15. 15. 10. Netizen Journalists ERICSSON CONSUMERLAB 10 HOT CONSUMER TRENDS 2016  15 By sharing observations, opinions and ideas and actively commenting on what others post online, smartphone owners are increasingly acting like journalists. Citizens have been involved in such journalistic activity before, but the value on an individual level is increasing as more people participate as netiizens online. Two thirds of smartphone owners say they share more information online now than ever before. For example, over 70 percent say they share personal photos regularly, and have an audience who see what’s been shared. Companies feel this impact. 34 percent of smartphone owners who have had a bad experience with a company due to a faulty product or service share that experience, all or most of the time it happens. When sharing such experiences, others take notice. On a weekly basis, 29 percent say they read about bad experiences that others have had, and 27 percent share or repost complaints about companies or authorities that others have posted. People believe this will have a big effect on society and they expect their contribution to be heard. 37 percent say sharing information about a corrupt company online has a greater impact than going to the police. Furthermore, as many as 54 percent of smartphone owners also believe the internet has increased the possibility for whistleblowers to expose corrupt and illicit behavior. In these and other ways, consumers are increasingly important as influencers on the future of societal evolution. Two thirds share more information online than ever before We have the power to drive change Source: Ericsson ConsumerLab, Information Sharing, 2015 Base: 5,025 iOS/Android smartphone users aged 15-69 in Berlin, Chicago, Johannesburg, London, Mexico City, Moscow, NewYork, São Paulo, Sydney and Tokyo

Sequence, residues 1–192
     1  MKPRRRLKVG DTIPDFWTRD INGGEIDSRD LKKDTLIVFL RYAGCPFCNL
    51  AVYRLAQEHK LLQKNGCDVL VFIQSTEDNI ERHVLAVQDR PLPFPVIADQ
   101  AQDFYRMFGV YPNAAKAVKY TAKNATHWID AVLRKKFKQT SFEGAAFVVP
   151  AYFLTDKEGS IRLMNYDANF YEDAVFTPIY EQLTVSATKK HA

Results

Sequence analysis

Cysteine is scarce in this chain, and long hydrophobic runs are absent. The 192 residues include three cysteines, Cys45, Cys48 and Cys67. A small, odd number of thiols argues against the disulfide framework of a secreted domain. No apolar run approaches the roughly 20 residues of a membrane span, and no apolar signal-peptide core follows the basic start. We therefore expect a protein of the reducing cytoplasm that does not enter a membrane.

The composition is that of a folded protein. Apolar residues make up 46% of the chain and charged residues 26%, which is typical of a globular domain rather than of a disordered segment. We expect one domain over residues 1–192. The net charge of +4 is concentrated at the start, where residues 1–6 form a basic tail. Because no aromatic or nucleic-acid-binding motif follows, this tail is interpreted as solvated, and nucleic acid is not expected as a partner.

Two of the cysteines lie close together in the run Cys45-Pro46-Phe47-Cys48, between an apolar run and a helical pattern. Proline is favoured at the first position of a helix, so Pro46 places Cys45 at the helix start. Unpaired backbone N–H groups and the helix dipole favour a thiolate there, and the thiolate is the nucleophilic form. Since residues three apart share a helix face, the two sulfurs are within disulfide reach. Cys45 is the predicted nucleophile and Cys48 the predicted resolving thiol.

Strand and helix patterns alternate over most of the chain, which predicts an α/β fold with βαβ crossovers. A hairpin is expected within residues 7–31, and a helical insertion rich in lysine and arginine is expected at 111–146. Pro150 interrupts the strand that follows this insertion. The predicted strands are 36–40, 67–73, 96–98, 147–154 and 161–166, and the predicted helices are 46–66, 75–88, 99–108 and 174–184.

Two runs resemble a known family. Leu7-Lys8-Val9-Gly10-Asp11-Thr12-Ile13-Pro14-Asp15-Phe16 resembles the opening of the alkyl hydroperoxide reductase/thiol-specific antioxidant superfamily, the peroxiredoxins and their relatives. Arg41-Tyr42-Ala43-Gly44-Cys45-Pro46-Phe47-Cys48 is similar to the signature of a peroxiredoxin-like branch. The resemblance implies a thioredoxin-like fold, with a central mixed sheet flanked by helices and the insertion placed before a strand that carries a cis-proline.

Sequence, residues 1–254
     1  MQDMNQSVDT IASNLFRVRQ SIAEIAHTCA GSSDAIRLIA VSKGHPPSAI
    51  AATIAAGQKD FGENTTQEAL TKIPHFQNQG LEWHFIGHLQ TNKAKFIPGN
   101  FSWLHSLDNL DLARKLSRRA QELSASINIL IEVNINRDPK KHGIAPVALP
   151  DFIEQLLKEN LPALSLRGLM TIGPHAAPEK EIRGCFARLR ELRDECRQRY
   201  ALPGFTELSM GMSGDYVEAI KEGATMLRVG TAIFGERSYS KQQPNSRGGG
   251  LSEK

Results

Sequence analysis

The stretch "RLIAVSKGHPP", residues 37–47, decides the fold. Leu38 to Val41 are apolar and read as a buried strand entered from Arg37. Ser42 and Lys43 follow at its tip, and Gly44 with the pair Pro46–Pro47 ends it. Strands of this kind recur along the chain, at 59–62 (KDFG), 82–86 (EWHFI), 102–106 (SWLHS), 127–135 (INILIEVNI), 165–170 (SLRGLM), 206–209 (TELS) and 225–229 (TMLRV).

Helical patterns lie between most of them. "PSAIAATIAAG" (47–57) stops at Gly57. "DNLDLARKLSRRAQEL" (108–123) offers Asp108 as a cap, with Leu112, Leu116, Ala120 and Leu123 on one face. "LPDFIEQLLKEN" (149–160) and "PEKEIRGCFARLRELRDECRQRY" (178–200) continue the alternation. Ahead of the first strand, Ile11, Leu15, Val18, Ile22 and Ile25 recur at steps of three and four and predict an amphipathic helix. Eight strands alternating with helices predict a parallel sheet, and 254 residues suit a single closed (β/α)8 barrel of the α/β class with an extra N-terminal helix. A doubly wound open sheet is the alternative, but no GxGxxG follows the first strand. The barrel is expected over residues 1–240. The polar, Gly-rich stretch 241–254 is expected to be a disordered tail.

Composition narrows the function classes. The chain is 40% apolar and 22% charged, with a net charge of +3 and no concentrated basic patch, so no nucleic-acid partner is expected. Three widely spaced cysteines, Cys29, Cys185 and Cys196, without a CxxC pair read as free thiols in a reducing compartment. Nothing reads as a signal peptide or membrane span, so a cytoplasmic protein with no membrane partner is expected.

16. 16. EAB-15:040224 Uen © Ericsson AB 2015 Ericsson SE-126 25 Stockholm, Sweden Telephone +46 10 719 0000 Ericsson is the driving force behind the Networked Society – a world leader in communications technology and services. Our long-term relationships with every major telecom operator in the world allow people, business and society to fulfill their potential and create a more sustainable future. Our services, software and infrastructure – especially in mobility, broadband and the cloud – are enabling the telecom industry and other sectors to do better business, increase efficiency, improve the user experience and capture new opportunities. With approximately 115,000 professionals and customers in 180 countries, we combine global scale with technology and services leadership. We support networks that connect more than 2.5 billion subscribers. Forty percent of the world’s mobile traffic is carried over Ericsson networks. And our investments in research and development ensure that our solutions – and our customers – stay in front.